Knitty: little purls of wisdom
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Leaves and grass, swirled about by the wind, can be mesmerizing. I love the colors and patterns that are created by a playful wind. This pattern was inspired by a wonderful blustery day.

Double-faced knitting, done on a slightly larger needle in a fingering yarn, gives you a thick, warm fabric with a nice drape, perfect for a scarf. There is a little bit of show-through, a shadow, from the other side, which adds to its depth.

This pattern, though charted for a scarf, is pretty adaptable, and can be done in a number of weights. People have said words like "vestments" and "table runners" when seeing it.

spacer model: Breana Roy
spacer photos: Katie Viren
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7 inches wide x 84 inches long, including 4 inches of fringe.



spacer [MC] Schoppel-Wolle Zauberball Fingering [75% Wool, 25% Nylon (Polyamide), 459 yards (420 meters) per 100g skein]; #1155 2135; 1 skein
spacer [CC] Brown Sheep Wildfoote Luxury Sock Fingering [75% Wool 25% Nylon (Polyamide), 215 yards (197 meters) per 50g skein]; SY45 Goldenrod; 2 skeins

Recommended needle size
[always use a needle size that gives you the gauge listed below -- every knitter's gauge is unique]
spacer US #5/3.75mm circular needles

spacer stitch markers
spacer crochet hook (for fringe)
spacer yarn needle



23 sts/22 rounds = 4 inches in double knit stockinette stitch after blocking

[Knitty's list of standard abbreviations and techniques can be found here.]

Working Double Knitting:
Each square on the chart represents one knit and one purl stitch.

On odd-numbered rows you will knit with MC and purl with CC for each green square, and knit with CC and purl with MC for each cream square.

On even-numbered rows, it's the opposite: for a green square, knit with CC and purl with BC, for a cream square, knit with MC and purl with CC.

This is a bit of a challenge, but once you get used to it it becomes automatic. You do not have to worry about securing the edges. The alternating colors on the sides keeps them snug.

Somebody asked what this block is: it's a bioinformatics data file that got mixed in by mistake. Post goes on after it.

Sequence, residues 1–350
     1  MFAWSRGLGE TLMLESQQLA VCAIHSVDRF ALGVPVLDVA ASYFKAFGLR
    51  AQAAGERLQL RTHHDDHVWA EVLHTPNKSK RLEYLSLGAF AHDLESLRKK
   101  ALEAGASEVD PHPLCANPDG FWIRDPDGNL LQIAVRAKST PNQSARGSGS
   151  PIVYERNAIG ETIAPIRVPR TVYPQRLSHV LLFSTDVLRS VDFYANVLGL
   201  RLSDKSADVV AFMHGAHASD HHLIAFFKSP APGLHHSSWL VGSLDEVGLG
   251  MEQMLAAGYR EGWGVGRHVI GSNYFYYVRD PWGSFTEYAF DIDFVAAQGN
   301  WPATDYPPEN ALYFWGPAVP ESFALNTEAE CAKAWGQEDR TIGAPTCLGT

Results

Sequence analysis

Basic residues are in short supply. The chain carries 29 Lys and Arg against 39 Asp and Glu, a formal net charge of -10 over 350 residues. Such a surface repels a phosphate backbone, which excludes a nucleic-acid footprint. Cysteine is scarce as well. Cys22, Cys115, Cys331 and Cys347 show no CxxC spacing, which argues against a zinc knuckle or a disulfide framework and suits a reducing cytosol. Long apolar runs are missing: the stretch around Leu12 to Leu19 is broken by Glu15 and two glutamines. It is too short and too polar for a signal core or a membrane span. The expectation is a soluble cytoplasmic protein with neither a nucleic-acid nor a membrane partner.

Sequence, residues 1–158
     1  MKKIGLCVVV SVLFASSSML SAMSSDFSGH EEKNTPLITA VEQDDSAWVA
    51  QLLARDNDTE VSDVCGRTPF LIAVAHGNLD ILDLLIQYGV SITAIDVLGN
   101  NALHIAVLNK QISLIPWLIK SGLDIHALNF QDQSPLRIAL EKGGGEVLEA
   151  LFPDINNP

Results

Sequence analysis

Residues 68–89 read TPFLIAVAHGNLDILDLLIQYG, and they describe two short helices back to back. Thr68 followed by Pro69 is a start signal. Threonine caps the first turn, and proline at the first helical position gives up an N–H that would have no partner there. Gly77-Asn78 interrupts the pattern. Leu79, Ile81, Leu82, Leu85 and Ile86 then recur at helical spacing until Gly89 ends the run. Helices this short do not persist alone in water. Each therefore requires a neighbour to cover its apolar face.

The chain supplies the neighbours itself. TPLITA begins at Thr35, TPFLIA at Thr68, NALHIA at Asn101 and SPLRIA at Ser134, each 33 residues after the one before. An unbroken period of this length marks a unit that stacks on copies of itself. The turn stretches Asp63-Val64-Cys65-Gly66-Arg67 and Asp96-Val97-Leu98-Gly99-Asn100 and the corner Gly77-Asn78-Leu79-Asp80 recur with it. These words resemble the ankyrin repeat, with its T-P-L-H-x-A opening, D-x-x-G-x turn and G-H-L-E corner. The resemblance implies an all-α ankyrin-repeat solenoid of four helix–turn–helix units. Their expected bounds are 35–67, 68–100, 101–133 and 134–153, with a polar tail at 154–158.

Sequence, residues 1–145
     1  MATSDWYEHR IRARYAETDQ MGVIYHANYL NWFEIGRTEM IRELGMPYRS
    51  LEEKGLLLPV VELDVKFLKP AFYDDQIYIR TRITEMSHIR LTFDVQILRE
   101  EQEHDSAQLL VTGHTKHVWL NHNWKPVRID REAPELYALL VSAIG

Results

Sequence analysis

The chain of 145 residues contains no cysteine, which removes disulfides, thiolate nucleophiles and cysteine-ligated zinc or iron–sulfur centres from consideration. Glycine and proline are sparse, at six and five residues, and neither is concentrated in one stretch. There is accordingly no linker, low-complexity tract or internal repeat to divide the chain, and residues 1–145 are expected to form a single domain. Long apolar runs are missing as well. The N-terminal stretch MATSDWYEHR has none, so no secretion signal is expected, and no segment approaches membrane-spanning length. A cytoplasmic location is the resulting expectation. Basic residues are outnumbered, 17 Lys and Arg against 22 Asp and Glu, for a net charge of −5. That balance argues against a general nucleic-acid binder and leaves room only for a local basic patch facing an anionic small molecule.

The other important thing is to always carry the two yarns together between stitches. When you knit both yarns are carried in back, when you purl both yarns are carried in the front. This puts all those messy carries in between the two sides, and gives you two lovely mirrored sides to your knitting.

3-Strand Long Tail Cast On:
Use one end of the CC, and two ends of the MC. Tie the 3 ends together in a slip knot and place on your right hand needle. Holding one of the MCs in front (on your thumb) and one CC and one MC together in back (on your fingers), work the long tail cast-on. Create the CC sts by pulling the CC strand from your fingers, and create MC sts by pulling the MC strand from your fingers.

Do not count your slip knot as one of the stitches, you will pull it out when you are done casting on.

Keep your cast on edge loose by ensuring you leave space between the stitches: the gauge on double knitting is very loose, and you do not want your cast on edge to pull in.

The chart for this pattern is very large and fits on a letter-sized page.
Click here and print the resulting page.

Using both MC and CC, cast on 74 stitches in a 3-strand long-tail cast on as follows: CO 1 CC st, [CO 2 MC sts, CO 2 CC sts,] 18 times, CO 1 MC st. Place markers at the vertical lines on the chart (the pattern is symmetrical, and their positions help you keep track).

Using the chart, complete the beginning section (rows 1-61) once.

Complete the middle section (rows 62-131) a total of 5 times.

Complete the final section (rows 132-159) once.

Cast off with one strand of MC, using a larger needle, so the edge resembles the cast on edge.

Make fringe: Cut 148 pieces of yarn 9 inches long, 76 of MC and and 72 of CC. Hold two pieces of the same color together at a time, and fold them in half; put the crochet hook through the first stitch of the cast on edge and pull the folded loop through from back to front; with the hook, grab the ends of the strands and pull them through that loop. Start and end both sides with MC.

Work across the cast off edge the same way.

Block. Weave in all ends



Katie lives on the north shore of Lake Superior tucked up near the Canadian Border. It is frequently cold there and wool is a good friend. She knits a lot, comes up with great designs, and actually writes a few of them down.

She and her other patterns can be found on Ravelry, Craftsy, and FaceBook as KatieChameleon, on PatternFish as Katie Viren, or at